Researchers at Rice University have scored $16 million from the Defense Advanced Research Projects Agency to develop a universal compiler that will run on heterogeneous hardware and multicore platforms, which are found in everything from supercomputers to embedded systems, such as those used in routers or game consoles. If the research succeeds, the result will be more computers and devices that are both faster and more energy efficient, all thanks to software that takes better advantage of the underlying silicon.
As our devices get smarter, they contain more semiconductors and draw more power. It’s also more difficult to write code that can optimize these multiple (and sometimes multicore) chips. A programmer can either customize the code running on this heterogeneous hardware, or use a compiler that translates the code into the zeros and ones that the specific type of chip can process. But developing custom code for each platform is expensive, time-consuming and limited to that one specific device, so most chipmakers or outside vendors develop compilers for each chip. While the process can take some 3-5 years, the compiler can then be used for the chip in a variety of devices.
The Rice-led effort, dubbed The PACE project — short for “platform-aware compilation environment”– aims to build a universal compiler to improve the software performance on hardware in three steps. As part of PACE, researchers will first develop a suite of software that will map out the limitations and capabilities of the hardware it’s running on, be it a computer cluster or a system on a chip. Then a planned compiler will look at the source code of the application and attempt to partition it automatically to run on the multicore processors. Finally researchers will create a runtime tool that measures the performance of the application on the system, and if the software is written for an x86 processor, perhaps even change the code on the fly.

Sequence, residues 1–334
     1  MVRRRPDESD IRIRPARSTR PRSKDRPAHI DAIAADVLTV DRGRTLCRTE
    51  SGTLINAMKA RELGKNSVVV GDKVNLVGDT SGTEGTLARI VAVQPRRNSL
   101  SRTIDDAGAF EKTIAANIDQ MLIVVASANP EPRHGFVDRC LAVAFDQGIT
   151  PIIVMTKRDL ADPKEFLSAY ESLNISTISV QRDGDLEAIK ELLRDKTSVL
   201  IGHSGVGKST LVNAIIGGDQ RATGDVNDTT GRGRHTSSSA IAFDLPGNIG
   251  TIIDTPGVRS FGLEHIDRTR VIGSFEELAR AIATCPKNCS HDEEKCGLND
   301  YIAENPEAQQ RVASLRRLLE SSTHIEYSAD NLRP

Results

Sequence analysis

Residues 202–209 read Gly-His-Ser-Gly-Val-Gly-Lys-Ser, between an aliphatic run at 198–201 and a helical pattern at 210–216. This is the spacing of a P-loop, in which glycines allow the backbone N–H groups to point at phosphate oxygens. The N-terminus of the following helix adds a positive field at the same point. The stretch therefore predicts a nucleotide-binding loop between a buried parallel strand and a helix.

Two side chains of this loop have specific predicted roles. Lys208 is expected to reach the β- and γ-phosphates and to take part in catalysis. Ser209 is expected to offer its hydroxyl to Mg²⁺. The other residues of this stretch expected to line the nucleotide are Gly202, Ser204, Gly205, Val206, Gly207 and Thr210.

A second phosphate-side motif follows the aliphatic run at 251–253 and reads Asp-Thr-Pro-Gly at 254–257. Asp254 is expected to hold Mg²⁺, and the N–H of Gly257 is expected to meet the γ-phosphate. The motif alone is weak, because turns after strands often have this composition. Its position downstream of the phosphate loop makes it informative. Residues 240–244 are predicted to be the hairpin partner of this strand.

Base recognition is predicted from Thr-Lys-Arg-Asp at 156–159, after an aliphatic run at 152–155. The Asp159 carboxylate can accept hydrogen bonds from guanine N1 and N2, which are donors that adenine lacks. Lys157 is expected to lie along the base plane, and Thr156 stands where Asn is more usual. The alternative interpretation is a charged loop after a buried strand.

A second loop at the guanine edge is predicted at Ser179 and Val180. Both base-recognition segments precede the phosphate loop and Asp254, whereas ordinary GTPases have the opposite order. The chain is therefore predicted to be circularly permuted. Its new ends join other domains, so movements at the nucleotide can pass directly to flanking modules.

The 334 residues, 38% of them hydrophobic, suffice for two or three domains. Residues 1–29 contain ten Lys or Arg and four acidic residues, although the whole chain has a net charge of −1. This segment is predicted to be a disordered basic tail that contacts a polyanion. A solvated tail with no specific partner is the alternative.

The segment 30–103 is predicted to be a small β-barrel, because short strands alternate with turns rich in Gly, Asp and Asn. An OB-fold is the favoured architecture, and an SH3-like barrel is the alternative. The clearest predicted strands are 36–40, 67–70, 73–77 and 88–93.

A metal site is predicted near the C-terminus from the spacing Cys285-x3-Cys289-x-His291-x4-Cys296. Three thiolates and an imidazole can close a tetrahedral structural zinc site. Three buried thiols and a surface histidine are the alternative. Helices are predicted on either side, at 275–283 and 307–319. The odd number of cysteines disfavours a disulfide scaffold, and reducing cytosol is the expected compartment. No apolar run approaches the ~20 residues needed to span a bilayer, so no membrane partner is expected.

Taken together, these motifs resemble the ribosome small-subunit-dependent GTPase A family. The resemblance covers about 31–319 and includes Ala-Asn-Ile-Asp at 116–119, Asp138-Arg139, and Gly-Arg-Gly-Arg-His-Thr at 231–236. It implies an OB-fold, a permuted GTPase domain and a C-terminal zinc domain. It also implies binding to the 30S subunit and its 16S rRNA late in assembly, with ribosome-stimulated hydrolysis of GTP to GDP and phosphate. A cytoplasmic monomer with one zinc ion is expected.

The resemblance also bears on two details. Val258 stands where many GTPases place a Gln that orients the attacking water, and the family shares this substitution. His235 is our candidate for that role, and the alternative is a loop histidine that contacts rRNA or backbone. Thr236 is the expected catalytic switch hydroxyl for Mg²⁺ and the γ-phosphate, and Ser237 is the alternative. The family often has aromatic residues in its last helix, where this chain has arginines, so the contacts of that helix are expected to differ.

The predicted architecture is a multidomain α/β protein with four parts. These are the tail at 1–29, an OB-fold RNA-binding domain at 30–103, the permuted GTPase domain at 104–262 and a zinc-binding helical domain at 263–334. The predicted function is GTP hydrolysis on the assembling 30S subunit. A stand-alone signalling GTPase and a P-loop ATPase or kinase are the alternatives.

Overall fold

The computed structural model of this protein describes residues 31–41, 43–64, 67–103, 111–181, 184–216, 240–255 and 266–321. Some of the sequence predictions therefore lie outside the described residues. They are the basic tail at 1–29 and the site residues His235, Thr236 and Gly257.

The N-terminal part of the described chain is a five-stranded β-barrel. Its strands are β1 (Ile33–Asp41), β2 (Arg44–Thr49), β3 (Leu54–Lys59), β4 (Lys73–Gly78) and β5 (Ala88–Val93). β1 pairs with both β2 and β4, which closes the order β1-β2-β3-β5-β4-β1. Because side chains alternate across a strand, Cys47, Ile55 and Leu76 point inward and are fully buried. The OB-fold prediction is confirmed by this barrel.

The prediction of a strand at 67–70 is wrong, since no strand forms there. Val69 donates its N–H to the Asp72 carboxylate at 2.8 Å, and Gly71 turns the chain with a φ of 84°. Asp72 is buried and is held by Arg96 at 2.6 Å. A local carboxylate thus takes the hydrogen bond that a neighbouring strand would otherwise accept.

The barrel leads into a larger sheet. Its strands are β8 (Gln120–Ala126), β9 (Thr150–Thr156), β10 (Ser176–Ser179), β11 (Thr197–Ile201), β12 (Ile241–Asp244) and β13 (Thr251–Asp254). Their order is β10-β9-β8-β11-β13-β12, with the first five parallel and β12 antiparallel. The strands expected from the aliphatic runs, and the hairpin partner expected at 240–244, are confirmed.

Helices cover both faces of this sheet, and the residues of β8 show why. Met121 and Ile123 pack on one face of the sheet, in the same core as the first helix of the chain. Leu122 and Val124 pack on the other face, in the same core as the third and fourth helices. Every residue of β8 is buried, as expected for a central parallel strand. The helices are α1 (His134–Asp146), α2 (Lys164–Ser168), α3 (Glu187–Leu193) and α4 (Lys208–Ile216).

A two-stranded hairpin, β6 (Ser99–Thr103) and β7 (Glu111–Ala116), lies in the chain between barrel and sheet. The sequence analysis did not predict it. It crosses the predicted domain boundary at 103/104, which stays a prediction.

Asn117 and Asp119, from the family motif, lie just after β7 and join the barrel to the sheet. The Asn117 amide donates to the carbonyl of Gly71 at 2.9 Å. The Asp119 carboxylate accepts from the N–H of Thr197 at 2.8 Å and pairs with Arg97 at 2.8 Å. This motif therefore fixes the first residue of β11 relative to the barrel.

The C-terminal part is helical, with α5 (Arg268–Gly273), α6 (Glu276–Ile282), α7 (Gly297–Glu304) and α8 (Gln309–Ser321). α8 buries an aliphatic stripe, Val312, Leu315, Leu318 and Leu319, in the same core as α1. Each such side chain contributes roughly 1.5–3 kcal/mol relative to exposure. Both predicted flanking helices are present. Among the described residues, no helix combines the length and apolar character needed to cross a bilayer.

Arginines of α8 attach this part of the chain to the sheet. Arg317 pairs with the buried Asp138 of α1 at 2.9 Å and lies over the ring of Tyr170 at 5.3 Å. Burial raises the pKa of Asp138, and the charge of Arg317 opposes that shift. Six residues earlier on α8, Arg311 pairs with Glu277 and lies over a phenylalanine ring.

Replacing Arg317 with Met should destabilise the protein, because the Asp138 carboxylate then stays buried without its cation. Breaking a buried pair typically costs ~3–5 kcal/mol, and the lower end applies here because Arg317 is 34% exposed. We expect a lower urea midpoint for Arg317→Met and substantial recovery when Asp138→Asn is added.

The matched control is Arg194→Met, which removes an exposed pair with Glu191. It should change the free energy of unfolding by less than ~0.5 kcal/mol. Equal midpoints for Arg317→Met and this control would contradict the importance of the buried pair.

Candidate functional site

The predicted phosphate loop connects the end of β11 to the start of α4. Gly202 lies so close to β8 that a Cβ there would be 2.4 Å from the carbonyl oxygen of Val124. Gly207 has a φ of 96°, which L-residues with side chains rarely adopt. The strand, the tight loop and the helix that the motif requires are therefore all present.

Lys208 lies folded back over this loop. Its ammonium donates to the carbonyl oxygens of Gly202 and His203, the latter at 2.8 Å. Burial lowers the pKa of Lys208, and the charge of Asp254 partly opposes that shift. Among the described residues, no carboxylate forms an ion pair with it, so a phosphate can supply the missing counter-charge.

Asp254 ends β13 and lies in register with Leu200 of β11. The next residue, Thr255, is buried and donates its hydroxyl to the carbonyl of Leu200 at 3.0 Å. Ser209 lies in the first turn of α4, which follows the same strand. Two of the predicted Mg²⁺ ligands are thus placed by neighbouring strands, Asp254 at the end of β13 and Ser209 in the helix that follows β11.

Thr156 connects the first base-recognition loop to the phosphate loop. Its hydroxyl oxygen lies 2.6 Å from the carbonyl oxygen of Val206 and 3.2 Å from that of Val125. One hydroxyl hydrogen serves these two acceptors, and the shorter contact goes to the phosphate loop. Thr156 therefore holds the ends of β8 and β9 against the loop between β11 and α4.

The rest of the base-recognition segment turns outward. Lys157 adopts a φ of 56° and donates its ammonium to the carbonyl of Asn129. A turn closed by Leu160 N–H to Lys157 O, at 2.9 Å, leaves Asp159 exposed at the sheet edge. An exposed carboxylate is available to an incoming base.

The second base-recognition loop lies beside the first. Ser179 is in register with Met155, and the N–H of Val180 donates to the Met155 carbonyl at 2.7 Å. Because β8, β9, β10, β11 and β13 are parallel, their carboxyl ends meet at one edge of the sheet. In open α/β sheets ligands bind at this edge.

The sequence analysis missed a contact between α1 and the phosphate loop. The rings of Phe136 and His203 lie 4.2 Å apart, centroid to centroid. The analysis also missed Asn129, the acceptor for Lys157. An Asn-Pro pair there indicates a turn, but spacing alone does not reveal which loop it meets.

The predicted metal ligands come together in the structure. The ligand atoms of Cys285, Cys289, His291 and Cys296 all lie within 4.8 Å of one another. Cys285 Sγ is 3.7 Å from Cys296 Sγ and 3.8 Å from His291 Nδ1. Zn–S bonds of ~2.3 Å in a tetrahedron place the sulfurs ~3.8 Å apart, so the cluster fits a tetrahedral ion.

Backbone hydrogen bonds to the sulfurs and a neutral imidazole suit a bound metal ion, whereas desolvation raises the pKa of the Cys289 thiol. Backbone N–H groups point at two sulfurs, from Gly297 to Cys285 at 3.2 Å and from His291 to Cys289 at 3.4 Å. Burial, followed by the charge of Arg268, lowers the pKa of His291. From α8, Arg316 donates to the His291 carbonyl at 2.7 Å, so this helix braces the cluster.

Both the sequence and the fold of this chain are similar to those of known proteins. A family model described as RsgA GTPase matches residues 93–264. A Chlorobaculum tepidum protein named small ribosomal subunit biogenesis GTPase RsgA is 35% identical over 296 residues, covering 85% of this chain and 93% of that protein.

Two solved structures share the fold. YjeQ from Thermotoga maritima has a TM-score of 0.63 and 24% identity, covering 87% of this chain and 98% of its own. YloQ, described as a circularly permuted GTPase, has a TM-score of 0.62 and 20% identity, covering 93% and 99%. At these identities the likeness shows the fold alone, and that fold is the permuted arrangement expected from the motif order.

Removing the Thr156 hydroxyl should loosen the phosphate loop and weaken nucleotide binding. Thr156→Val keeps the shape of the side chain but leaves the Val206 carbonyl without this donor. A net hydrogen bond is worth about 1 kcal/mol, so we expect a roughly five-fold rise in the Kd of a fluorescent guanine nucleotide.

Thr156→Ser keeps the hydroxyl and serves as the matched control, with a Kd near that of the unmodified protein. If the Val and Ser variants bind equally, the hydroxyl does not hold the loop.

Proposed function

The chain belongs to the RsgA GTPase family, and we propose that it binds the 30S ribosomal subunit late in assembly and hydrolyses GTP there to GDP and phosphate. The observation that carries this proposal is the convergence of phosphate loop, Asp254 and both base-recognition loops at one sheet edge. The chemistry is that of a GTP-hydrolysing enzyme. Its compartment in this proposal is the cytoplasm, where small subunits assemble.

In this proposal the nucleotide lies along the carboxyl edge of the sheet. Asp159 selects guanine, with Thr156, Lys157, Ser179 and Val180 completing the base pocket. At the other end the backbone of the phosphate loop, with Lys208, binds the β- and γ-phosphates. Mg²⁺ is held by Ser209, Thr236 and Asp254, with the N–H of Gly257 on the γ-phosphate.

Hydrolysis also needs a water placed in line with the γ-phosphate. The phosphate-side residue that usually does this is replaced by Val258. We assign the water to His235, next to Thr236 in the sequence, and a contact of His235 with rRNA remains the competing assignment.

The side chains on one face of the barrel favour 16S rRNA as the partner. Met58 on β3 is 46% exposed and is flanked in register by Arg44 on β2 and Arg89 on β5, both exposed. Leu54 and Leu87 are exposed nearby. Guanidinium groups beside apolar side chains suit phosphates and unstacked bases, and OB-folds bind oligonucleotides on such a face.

This all sounds a bit like magic to me, but Keith Cooper, Rice’s John and Ann Doerr Professor in Computational Engineering and a principal investigator on the PACE project, says a team of researchers there, with the help of teams at three other organizations, have 54 months to make it work. Saving energy and boosting performance with an easy-to-implement software compiler is a problem worth solving, especially as we rely more and more on specialized chips, be they in our antilock brakes or our iPhones.